This is going to be a more serious discussion, and probably a slightly edgy one for many, but it’s something that we were coming to eventually, and it needs to be let into the light.
For those of you familiar with autism, you’ll know that we can have a dark side. Everybody does — whether it’s being so terrified of spiders you mercilessly smash ones in your kitchen to oblivion with a boot and not a trace of remorse, or putting your ex’s dirty laundry on social media, or yelling at the top of your lungs and throwing the TV remote when your team doesn’t win the game. So, this is a human thing. But for those of us on the spectrum, it’s heightened.
In our hearts, we are peace-loving and pretty objective and generally wouldn’t hurt a fly (in some cases, literally). Trust me. There is no need to be afraid of us. Even after you’ve seen our dark side.
The major reason we sometimes explode (and it is on parallel with the worst toddler tantrums in history) is because of reaching our limit in over-stimulation.
Imagine this: You are in a very loud classroom or workplace. You go home, to find the kids punching and kicking each other over who gets the last Twizzler. The dog is throwing up on the carpet at the same time that the phone rings, and your spouse or parent announces they’re stuck at the mechanics’ with a flat tire. And then you remember you forgot to pick up a prescription/homework supply/new cloak pattern somebody requested. And at this very moment the neighbor kid kicks a soccer ball into your front window.
We’ve all had this type of day or week. But imagine this being the amount of stimulation your brain attempts to process on a daily basis. And there is no way to shut it off.
So, sometimes, when you’re ASD and have spent all week around uncooperative co-workers or bullying classmates, it just becomes too much. The eruption happens. It isn’t pretty. But it seems necessary. Unfortunately, we won’t feel better afterwards.
When we calm down, the pain settles in. The physical agony of having restrained the anxiety that had been building. The depression at feeling that we failed, again. The sadness at knowing that no matter how much we want to pretend to carry on in the world, we may never be able to.
Sometimes we indulge in unhealthy coping mechanisms — cutting, for example, or not eating well, or maybe self-medicating. (By the way, that last one is least likely for a lot of ASD-ers, because of our sensory perception sensitivities.) But none of that is good, either.
So, how do we try to keep our stress levels down so that, ideally, none of this occurs?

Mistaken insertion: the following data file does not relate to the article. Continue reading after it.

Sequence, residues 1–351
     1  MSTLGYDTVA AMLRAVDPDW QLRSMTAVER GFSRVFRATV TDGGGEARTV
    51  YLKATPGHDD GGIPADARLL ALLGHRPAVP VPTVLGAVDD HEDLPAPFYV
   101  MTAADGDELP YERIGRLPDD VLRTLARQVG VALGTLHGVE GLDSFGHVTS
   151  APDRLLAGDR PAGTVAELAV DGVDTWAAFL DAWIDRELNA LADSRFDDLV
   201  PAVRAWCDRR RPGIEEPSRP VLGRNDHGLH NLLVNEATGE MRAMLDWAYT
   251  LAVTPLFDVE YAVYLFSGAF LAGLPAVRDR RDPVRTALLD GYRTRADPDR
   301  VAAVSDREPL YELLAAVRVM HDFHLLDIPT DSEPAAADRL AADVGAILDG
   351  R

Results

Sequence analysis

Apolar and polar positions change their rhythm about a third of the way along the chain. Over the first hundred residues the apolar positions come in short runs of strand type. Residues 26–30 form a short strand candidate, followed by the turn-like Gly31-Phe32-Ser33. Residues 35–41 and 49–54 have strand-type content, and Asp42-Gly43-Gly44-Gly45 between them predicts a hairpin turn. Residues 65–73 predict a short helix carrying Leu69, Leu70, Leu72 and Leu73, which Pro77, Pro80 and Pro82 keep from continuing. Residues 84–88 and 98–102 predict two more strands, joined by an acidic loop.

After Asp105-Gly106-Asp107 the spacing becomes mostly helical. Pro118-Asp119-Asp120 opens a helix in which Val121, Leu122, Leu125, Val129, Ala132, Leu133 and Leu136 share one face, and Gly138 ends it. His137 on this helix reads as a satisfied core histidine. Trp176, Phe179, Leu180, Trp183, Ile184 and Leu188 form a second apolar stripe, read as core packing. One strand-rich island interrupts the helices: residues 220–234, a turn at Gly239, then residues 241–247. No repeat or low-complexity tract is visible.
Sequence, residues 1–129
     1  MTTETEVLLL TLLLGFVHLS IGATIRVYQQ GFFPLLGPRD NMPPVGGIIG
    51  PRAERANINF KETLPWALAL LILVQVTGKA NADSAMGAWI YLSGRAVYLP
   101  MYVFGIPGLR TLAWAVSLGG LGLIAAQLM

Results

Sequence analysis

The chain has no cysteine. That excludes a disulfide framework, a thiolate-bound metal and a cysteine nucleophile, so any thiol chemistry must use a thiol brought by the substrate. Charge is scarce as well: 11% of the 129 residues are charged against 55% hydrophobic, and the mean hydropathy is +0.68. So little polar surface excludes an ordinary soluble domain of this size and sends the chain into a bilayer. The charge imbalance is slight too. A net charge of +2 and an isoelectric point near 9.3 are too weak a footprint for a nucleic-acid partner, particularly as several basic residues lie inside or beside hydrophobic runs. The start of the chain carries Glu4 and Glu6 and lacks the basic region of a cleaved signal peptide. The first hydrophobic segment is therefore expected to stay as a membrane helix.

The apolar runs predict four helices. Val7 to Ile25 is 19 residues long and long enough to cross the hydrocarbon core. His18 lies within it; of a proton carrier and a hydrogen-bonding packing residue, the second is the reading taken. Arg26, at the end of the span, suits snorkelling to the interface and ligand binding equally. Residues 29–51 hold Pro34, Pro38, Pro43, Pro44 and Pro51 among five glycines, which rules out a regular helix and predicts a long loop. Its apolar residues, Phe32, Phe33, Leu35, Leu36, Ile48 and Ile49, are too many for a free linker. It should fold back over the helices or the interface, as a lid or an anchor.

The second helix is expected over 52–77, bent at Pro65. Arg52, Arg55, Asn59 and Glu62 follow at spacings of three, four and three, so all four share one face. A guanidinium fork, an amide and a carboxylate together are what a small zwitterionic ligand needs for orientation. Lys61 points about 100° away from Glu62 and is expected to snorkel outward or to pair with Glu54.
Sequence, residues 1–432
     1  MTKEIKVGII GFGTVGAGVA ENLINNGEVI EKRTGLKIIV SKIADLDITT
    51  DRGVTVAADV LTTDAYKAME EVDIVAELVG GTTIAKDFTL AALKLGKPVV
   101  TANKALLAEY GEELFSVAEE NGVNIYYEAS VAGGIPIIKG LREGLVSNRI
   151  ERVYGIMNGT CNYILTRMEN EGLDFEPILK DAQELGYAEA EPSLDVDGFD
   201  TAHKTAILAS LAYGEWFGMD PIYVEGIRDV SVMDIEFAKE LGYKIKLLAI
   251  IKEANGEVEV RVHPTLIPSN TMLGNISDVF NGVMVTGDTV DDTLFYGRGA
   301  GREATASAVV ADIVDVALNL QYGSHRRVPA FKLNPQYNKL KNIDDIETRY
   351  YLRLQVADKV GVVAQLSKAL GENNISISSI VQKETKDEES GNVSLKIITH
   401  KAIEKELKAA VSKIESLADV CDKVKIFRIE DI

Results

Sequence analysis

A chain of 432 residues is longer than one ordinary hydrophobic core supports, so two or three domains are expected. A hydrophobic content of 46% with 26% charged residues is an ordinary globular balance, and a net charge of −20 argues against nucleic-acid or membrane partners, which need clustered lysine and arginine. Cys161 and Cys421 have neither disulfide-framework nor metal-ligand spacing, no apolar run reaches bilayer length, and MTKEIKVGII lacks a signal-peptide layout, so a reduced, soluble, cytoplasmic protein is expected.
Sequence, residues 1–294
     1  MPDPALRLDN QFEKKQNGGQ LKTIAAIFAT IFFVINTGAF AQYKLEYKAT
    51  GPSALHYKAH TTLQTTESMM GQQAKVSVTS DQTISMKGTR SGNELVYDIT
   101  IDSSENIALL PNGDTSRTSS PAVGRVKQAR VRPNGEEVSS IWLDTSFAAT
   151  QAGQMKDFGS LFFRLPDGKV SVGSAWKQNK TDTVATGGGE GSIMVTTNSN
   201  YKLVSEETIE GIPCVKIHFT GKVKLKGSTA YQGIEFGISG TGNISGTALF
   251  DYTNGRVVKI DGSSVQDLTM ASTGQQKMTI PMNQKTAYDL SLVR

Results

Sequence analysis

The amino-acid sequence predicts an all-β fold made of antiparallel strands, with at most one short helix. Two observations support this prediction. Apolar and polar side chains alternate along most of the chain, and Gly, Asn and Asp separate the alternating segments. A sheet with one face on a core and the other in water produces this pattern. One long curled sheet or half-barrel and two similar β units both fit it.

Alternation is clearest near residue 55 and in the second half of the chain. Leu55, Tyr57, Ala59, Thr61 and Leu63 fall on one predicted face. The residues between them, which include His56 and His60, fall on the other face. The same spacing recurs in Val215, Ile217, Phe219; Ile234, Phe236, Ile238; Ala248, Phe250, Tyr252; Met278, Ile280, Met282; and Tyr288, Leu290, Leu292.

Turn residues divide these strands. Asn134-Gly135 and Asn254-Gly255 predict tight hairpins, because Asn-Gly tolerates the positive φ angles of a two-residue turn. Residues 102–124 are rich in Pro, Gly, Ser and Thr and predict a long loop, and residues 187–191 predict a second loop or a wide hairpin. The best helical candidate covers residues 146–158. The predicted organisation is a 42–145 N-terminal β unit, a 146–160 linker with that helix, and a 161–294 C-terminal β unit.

(Please notice the word “ideally.” Part of the process of developing healthy coping skills is to learn that realism sucks, and is factual.)
Meditation or deep breathing could help. (I say could because getting us to completely empty our minds and focus only on our breathing is similar to expecting your cat to become a vegetarian.) But try it.
A low-dose anti-anxiety med is a possibility. But, you have to be able to swallow pills (that’s not me), and you need to be comfortable enough with going to a doctor for regular checkups to monitor it (also not me). Again, though, if you’re willing to try it, go for it.
Homeschool or work from home if at all possible. Since it’s not the existence of other people (no, really) that upsets us, but the sheer numbers of them we may encounter in a day to day routine. Having more control over how often we leave the house does help.
Go to counseling if you can (the leaving the house thing). But not because you are the problem — because healthy coping is beneficial. And because we have to teach the “NT” (neurotypical) humans what our triggers are, and get everyone who loves us on the same page.
Build your mind palace as much as possible. Seriously. But physically. Create a safe haven in your house, somewhere you can go to be alone — and tell people when you need some space. If you can, fill that space with comfy sofas and music and books and tea, or whatever makes you feel calm.
And for family members — please, please listen to us. Don’t tell us to “get over it.” Respect our wishes. Grant them. Give us time, and space, and love. And yourself. You didn’t do anything “wrong” that resulted in your beloved being on the spectrum. This is just how we are — it’s not judgement or a curse or the result of eating pomegranates during pregnancy. If you look closely, you might even see a spark of something amazing deep within us.